Newspaper article Pittsburgh Post-Gazette (Pittsburgh, PA)

Shippers Look to the Rivers to Move More Freight

Newspaper article Pittsburgh Post-Gazette (Pittsburgh, PA)

Shippers Look to the Rivers to Move More Freight

Article excerpt

With increasing volume on the nation's freight railroad system and chronic congestion on highways, shippers are once again looking at rivers as possible relief valves.

Their latest toe in the water came this month when shipping containers - those multicolored units that look like railroad boxcars minus the wheels - were loaded onto a barge in Kentucky for an experimental jaunt on the Ohio and Mississippi rivers to Granite City, Ill., near St. Louis.

While containers on barges are a common sight at ocean ports, efforts to ship them via inland waterways haven't picked up much steam.

A 2003 report prepared by the Port of Pittsburgh Commission cited a "chicken or egg" problem. "Container shippers are reluctant to commit cargo for a service that the barge lines do not offer on a predictable, regular and reliable basis . Barge lines are reluctant to commit barges to a service without the guarantee of sufficient cargo," it said.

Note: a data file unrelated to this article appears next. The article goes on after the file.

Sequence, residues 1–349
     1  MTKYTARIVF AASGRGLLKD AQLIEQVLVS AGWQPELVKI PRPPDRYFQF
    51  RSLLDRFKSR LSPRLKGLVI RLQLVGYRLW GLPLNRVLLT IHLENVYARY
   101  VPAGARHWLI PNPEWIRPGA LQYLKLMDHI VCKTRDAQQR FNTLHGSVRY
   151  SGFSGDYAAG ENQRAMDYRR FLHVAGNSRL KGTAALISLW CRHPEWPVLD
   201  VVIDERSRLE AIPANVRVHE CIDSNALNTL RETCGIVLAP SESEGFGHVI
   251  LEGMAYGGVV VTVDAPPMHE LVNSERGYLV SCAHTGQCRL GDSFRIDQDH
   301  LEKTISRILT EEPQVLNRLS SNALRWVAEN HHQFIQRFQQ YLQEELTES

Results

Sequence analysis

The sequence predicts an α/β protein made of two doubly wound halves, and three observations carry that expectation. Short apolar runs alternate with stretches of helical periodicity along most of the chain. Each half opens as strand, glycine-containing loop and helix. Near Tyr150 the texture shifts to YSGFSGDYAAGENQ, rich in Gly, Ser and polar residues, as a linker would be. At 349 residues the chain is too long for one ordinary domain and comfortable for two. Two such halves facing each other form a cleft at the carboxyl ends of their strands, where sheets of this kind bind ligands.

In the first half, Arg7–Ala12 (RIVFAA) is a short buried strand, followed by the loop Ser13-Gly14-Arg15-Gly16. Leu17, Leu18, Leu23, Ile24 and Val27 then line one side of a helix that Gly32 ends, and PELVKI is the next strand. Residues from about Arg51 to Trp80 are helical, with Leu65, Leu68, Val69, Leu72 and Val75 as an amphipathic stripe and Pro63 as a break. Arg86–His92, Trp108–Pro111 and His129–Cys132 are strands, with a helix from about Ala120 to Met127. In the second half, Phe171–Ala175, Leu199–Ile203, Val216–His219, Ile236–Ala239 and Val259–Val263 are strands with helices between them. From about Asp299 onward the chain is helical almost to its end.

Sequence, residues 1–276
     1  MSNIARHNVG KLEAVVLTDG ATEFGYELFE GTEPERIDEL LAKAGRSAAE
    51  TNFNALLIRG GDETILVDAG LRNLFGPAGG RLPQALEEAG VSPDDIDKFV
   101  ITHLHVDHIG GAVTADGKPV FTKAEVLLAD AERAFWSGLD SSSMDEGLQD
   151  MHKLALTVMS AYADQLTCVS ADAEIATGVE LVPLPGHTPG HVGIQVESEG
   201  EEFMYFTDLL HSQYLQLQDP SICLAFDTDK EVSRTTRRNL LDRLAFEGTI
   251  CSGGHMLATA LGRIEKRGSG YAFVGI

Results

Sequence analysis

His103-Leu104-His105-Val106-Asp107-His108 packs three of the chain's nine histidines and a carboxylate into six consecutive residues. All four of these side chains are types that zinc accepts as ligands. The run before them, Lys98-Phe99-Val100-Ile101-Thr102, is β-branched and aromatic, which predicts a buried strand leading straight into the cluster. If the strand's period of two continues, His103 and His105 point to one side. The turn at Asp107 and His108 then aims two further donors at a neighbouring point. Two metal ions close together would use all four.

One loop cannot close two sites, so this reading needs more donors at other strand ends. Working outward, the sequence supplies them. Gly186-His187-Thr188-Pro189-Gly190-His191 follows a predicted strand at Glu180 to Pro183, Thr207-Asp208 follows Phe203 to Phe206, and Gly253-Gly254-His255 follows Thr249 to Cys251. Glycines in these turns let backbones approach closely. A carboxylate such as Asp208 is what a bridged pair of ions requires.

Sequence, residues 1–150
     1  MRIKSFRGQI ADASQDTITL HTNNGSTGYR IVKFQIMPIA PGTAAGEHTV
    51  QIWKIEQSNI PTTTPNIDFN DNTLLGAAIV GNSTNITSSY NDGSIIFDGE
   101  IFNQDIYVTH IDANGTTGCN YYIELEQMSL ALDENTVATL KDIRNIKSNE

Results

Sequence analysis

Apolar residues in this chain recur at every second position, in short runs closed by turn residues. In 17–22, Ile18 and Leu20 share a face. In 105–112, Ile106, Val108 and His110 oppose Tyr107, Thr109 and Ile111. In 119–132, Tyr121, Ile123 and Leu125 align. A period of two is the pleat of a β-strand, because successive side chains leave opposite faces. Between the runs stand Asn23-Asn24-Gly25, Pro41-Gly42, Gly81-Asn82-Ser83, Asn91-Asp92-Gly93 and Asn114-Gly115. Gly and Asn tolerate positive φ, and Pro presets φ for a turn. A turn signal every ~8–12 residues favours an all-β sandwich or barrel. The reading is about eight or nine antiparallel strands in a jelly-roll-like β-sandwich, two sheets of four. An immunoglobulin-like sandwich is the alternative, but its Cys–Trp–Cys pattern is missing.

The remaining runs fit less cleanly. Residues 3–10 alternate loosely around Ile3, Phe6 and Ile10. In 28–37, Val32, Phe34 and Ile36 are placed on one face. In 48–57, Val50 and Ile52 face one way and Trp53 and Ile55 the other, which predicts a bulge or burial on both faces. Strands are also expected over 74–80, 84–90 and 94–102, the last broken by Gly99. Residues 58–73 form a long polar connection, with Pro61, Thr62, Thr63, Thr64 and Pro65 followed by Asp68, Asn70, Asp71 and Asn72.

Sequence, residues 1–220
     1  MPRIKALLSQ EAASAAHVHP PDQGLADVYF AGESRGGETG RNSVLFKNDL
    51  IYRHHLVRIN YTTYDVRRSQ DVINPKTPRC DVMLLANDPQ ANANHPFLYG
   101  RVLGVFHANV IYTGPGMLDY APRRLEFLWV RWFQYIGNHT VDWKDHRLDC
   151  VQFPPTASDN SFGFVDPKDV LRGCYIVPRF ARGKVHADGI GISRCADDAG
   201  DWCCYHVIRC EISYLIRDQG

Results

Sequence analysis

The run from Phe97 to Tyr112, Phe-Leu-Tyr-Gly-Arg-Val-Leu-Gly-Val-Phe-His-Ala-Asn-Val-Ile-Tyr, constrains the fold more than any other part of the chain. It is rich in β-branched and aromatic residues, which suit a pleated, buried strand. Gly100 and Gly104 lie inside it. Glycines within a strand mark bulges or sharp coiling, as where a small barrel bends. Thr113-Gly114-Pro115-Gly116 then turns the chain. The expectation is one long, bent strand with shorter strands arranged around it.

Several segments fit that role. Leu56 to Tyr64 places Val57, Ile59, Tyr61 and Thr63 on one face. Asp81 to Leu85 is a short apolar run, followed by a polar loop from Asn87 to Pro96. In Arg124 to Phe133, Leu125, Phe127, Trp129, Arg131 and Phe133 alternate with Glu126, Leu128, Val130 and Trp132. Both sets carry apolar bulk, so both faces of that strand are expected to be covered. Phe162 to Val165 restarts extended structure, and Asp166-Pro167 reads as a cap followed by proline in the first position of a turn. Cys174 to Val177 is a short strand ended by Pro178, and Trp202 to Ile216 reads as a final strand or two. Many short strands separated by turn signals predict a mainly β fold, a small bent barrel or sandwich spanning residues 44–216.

Another obstacle to development of a container-on-barge market here is that Pittsburgh is at the end of the line, so to speak. Barges to and from the busy Gulf of Mexico ports would have to pass through 21 locks on the Ohio.

"Pittsburgh's location as the northeastern most point on the inland waterways has the highest risk of inefficiencies due to the number of locks and dams barges need to maneuver in and out of the area. This could be detrimental to reliable service and transit times," the report said.

"What we need is volume. Pittsburgh is not the best place to start this," said Peter Stephaich, chairman and CEO of Campbell Transportation Co., based in Washington County. "We don't have the volume of containers that come into places like New Orleans and Houston."

Without volume, transportation companies would be reluctant to make the investments needed to enable them to handle containers, he said.

Because river shipping is slower and subject to more uncertainty than railroad or truck transport, "time-sensitive cargoes are not really suitable" for barges, Mr. …

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